Hey, we get it. You’re experiencing pain and are seeking answers as to what might be causing it. Everybody’s pain is unique. This article is not intended to provide diagnosis or treatment. Rather, professional consultation specific to your symptoms is recommended. Summer is the perfect time to stop into our Knoxville office – schedule an appointment online

The Causes & Best Treatment For Piriformis Syndrome

Hip pain. Pain and numbness that runs down the back of the legs. Pain and tingling in the center of your butt. Pain. Pain. Pain!

If you can relate to these symptoms, chances are you’ve been suffering from piriformis syndrome on some level. Though the symptoms can be highly uncomfortable and seemingly constant, there are some simple, at-home methods to help get your recovery process jump-started. Let’s dive in.

What Is The Piriformis?

With symptoms that can range slightly in location, it’s important to understand what the piriformis is to better grasp its reach within the body. The piriformis is a band-like muscle that runs diagonally from the midline base of your spine to the outer hip bone. This means that the piriformis is responsible for any hip rotation and turning of your legs and feet. It helps us walk, stabilizes our movement, and overall helps us maintain balance and control of movement. In short, it’s a pretty well-used muscle–and one you’ll want to protect!

The tricky caveat to piriformis syndrome is its placement in relation to the sciatic nerve. The sciatic is a long nerve that travels through and under the piriformis muscle. It also runs down the back of the legs, and eventually branches off within the feet, making its extension delicately intertwined with the piriformis muscle.  Sounds complicated…is it?

The Significance of the Piriformis Muscle

The piriformis is a prime target for high-repetition injury. When it is overused without the proper recovery time, symptoms of piriformis syndrome can manifest in a couple ways. The most common response is for the muscle to tighten substantially, causing compression of the sciatic nerve. This can cause highly uncomfortable spasming. Other symptoms of piriformis syndrome include pain around the outer hip bone, pain in the center of the glute, and pain that travels from the glute down the back of the leg.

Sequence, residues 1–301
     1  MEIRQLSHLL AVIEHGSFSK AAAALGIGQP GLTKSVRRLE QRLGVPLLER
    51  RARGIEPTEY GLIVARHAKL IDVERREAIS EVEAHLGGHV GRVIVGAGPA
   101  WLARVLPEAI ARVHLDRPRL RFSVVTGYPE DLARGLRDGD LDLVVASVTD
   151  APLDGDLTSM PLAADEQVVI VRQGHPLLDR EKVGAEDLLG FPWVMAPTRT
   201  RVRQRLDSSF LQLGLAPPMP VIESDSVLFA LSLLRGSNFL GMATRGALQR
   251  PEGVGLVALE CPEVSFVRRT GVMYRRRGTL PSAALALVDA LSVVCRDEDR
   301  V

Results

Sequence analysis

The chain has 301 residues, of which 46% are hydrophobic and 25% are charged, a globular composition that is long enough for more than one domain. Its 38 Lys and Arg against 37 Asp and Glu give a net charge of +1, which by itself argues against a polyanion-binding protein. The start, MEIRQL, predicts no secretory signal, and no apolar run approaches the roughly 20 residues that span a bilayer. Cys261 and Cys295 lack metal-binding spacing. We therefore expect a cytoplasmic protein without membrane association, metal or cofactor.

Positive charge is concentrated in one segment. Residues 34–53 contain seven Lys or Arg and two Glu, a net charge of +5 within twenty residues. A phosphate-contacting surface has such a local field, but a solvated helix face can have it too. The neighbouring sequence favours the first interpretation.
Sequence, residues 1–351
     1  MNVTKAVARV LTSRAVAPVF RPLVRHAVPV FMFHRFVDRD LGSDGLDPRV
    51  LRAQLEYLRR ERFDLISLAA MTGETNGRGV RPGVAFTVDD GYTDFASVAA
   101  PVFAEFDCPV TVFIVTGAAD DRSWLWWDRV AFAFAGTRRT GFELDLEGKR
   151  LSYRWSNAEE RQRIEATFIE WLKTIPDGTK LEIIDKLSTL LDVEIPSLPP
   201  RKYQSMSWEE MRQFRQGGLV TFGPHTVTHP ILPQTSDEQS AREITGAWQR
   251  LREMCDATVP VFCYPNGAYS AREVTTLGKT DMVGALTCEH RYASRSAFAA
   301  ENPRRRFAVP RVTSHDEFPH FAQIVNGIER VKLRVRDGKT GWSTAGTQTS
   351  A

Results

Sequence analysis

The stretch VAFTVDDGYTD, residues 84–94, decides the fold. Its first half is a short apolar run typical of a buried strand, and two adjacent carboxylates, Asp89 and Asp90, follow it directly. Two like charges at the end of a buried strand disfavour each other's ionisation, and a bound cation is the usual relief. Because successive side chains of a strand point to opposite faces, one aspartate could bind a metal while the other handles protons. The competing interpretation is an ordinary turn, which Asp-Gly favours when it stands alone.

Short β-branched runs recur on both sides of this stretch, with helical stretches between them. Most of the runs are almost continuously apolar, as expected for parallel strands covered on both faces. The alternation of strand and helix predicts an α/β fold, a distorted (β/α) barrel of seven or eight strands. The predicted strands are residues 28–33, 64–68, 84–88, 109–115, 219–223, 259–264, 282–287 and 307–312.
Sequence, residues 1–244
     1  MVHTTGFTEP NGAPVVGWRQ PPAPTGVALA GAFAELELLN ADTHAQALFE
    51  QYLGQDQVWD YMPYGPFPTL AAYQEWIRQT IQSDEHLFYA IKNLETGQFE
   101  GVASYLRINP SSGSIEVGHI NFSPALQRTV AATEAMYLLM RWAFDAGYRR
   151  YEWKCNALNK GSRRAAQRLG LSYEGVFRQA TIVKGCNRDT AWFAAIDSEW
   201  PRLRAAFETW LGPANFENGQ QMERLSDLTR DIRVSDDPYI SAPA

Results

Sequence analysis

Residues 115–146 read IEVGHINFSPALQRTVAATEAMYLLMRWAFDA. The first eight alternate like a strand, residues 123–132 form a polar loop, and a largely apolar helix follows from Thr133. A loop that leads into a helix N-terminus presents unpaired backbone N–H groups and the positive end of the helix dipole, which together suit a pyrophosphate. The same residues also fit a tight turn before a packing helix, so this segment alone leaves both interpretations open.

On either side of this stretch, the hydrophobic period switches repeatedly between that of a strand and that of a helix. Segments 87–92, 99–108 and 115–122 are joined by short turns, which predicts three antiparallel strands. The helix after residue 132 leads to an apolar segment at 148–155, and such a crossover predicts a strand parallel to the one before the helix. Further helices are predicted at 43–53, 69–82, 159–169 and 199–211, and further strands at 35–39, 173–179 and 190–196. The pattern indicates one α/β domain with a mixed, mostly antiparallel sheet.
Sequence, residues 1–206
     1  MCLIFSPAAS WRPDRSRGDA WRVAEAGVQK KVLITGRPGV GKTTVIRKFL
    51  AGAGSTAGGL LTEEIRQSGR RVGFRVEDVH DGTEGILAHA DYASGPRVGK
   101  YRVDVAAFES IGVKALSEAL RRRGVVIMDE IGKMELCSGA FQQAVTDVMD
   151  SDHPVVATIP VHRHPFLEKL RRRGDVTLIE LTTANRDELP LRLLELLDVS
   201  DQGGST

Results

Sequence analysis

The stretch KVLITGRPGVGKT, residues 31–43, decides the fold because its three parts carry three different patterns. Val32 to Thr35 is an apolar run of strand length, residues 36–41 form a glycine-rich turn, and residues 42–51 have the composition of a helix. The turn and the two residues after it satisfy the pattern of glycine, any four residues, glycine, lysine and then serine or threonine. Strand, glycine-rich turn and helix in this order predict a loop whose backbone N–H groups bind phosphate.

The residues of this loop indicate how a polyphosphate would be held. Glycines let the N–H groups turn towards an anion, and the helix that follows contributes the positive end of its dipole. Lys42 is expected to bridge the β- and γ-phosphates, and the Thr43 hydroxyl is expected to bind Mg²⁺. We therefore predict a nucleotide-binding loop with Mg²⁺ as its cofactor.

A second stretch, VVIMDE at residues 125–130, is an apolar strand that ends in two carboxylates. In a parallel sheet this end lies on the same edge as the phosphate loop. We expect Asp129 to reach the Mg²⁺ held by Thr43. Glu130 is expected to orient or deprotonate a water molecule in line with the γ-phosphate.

Because the piriformis is in such a high-use area, it’s fairly easy to succumb to at least some form of piriformis syndrome. Extended sitting, running, and intense exercises can all lead to some level of piriformis syndrome if you’re not careful. It’s important to understand how to best take care of this muscle in order to keep movement pain-free in the long-term.

How To Prevent Piriformis Syndrome

Of course, the best way manage piriformis syndrome is to prevent it before it begins. Though it can be difficult to completely eliminate your chances of developing piriformis syndrome, it’s a worthwhile endeavor. Once the piriformis has experienced previous injury, it becomes much easier for piriformis syndrome to become reoccuring or even chronic.

Many instances of piriformis syndrome stem from overuse with poor form. When you’re running and exercising, be sure to practice good form and avoid uneven surfaces that may compromise your ability to hold the steady posture. Also make sure that you have a substantial warm-up and cool-down routine to help your piriformis muscle ease in and out of intense activity.

How To Relieve Piriformis Syndrome Pain

If you find that your pain increases with certain activities or with sitting, try changing your routine to counteract these previous habits. Many have also experienced relief by using ice, or occasionally even heat on the affected area.